Simon Sinclair – in memoriam
Simon started his love for Nepal as a medical student on his elective with BNMT. His strong affiliation for this beautiful Himalayan country and its people saw his return as field doctor for BNMT in 1980. The days when recently qualified and idealistic Western doctors still roamed the Eastern Hills and were responsible for running the TB and leprosy control programmes in remote district centres. Simon’s commitment and closeness to the Nepali people no doubt helped to establish the respect BNMT enjoys to this day in Nepal.
The extremely isolated existence suited his striking individuality. Despite being the only Westerner in Bhojpur, he stayed for 3 years, establishing strong relationships with the Nepali staff with whom he worked and the local population. His memory lived on long after he had gone in many stories and in the dhara (water supply) he donated on leaving Bhojpur. After returning to the UK he maintained his links with Nepal and BNMT eventually becoming a trustee; a role he fulfilled for 23 years. His intelligence and wit were always a vital ingredient of the trustee meetings, when not restricted in later years by his tendency for an afternoon snooze!
Initially uncertain which path his medical career should take after BNMT he finally decided on psychiatry. A foray into medical anthropology displayed his significant academic abilities and his original mind. He produced a fascinating PhD thesis (published as a book “Making Doctors”) after embedding himself in a London medical school to try and objectively observe the influences at work in producing British doctors. His insights were revealing; although medical education has changed somewhat since then this would still be useful reading for all medical students.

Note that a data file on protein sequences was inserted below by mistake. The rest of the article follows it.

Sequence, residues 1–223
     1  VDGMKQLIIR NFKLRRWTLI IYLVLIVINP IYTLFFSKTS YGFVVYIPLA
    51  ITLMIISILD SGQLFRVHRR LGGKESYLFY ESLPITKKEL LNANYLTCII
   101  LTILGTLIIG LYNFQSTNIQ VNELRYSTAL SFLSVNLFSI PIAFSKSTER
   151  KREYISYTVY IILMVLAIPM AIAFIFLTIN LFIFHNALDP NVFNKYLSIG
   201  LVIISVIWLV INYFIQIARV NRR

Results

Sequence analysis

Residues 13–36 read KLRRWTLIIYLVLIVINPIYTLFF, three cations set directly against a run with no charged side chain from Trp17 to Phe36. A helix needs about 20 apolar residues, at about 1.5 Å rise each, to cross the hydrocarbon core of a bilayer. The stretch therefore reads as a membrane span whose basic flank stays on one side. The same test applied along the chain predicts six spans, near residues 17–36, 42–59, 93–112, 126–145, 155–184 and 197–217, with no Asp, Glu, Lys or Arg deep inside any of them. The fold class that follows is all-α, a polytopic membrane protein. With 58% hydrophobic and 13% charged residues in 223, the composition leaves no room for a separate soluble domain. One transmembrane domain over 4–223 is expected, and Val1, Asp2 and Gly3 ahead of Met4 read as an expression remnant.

Whilst still in Oxford he met and married his beloved MA and they started a family. They eventually moved up to Durham as he pursued his career in psychiatry combining clinical and academic responsibilities. As well as his demanding job he was always dedicated to his family and often spent weekends ferrying his children to their commitments, in particular as distinguished choristers.
Happily, he continued to travel South to the Trust meetings until very recently when he retired as a trustee after the diagnosis of his prostatic cancer. The course of his illness was traumatic but he faced it with the courage and realism one would have somehow expected from this unique personality. He will be sorely missed.
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